Business goes ‘pop’ for disqualified fizzy drinks director
The director of a firm which traded in fizzy drinks, car parts and accident data has been banned for nine years, for failing to ensure the company kept adequate accounting records of its £2m-plus turnover
10 Aug 2017
Javid Morgra, from Bolton, was the sole director of Middleborough Ltd which was wound up by the court in the public interest in November 2016.
The company owed creditors at least £2,119,589, despite filing accounts showing turnover of £2,321,657 for the period ended 31 August 2015.
An Insolvency Service investigation found Middleborough’s failure to keep adequate accounting records meant it was not possible to verify Morgra’s explanation for the shortfall of £54,229 paid to Middleborough by a customer in respect of beverages supplied between 29 June 2015 and 27 August 2015.
It was also not possible to verify his explanation for an underpayment of £1,435,954 to the supplier, a shortfall of £1,235,302 received from the customer and an overall loss of £348,390 incurred on sales of car parts between January and September 2015.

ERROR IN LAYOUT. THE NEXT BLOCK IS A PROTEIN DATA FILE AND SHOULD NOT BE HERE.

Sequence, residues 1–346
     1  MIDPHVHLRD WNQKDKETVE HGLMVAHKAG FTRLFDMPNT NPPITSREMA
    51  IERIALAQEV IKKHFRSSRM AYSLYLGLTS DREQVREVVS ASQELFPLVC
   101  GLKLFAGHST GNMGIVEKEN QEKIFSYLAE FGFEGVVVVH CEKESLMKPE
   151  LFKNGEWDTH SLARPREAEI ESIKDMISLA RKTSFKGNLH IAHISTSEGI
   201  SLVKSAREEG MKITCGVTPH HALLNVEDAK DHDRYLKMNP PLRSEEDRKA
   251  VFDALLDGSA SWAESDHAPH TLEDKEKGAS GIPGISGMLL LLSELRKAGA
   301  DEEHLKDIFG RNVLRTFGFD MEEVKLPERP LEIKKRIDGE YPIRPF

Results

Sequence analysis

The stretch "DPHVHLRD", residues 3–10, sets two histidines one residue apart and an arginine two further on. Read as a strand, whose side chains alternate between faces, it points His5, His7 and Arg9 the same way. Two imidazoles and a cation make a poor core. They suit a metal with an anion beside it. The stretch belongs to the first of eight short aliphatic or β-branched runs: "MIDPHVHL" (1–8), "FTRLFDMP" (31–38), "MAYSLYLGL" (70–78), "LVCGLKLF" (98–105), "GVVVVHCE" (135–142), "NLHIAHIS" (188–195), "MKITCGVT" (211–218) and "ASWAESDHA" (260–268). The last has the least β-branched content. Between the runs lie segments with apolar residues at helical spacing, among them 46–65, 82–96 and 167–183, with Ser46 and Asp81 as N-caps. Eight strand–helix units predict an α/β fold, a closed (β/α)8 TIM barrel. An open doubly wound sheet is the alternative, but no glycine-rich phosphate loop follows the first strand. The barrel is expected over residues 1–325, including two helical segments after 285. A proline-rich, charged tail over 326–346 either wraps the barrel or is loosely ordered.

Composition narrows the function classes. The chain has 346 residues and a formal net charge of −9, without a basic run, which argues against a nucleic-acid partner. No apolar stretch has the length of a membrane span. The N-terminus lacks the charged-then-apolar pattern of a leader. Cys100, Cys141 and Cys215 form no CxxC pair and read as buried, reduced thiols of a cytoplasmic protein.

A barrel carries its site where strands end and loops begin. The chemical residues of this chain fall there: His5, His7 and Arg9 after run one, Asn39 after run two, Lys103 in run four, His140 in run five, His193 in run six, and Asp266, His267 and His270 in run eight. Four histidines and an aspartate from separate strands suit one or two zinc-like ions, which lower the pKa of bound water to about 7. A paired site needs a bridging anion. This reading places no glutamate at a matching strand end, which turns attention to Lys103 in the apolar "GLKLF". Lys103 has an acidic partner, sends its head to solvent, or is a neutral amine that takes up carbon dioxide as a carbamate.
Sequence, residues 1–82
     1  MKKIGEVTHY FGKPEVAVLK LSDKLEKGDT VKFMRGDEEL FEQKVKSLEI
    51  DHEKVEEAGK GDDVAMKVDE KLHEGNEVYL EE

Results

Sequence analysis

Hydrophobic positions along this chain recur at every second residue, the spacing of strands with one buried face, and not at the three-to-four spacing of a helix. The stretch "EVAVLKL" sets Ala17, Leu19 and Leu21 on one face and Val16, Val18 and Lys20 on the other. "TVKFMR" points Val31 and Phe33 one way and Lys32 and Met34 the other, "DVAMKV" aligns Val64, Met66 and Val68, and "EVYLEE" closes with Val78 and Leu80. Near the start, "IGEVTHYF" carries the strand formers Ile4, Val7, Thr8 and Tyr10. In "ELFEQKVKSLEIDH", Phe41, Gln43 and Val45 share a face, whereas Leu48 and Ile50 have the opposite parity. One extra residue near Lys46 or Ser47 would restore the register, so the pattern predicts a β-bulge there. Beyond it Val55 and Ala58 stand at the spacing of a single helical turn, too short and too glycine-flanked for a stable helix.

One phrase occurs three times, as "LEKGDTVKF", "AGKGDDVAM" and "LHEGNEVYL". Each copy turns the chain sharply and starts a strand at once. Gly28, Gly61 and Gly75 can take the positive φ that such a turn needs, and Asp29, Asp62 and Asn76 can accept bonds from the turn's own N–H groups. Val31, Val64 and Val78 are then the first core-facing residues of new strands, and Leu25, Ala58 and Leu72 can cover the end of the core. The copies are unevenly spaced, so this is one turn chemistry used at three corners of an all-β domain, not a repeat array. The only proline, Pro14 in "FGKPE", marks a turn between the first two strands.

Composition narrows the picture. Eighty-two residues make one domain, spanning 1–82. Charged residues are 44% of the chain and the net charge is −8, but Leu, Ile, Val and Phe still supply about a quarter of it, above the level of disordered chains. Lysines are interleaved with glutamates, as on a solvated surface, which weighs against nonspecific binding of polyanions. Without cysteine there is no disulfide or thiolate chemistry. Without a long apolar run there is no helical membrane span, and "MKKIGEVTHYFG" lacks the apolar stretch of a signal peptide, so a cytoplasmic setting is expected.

In addition, the Insolvency Service could not verify Morgra’s explanation regarding the sale of 6,136 sets of accident data and a debt due to a supplier of at least £624,929 incurred between July 2015 and September 2015.
Similarly, there was no way to determine the accuracy of financial statements filed at Companies House for the periods ending 28 February 2014, 10 February 2015 and 31 August 2015, or the accuracy of Middleborough’s VAT returns submitted to HMRC in relation to the 03/2015 to the 03/2016 VAT periods.
The investigation also showed it was not possible determine the nature and extent of Middleborough’s assets and liabilities, verify the legitimacy of the company’s trading, or show that all transactions have been carried out in the usual course of business and to the benefit of the company.
Ken Beasley, Official Receiver of the Insolvency Service’s public interest unit, said: ‘The director of this company has fallen far short of the standard of record keeping that can be reasonably expected and as a result, there were serious concerns over the true nature of this business.’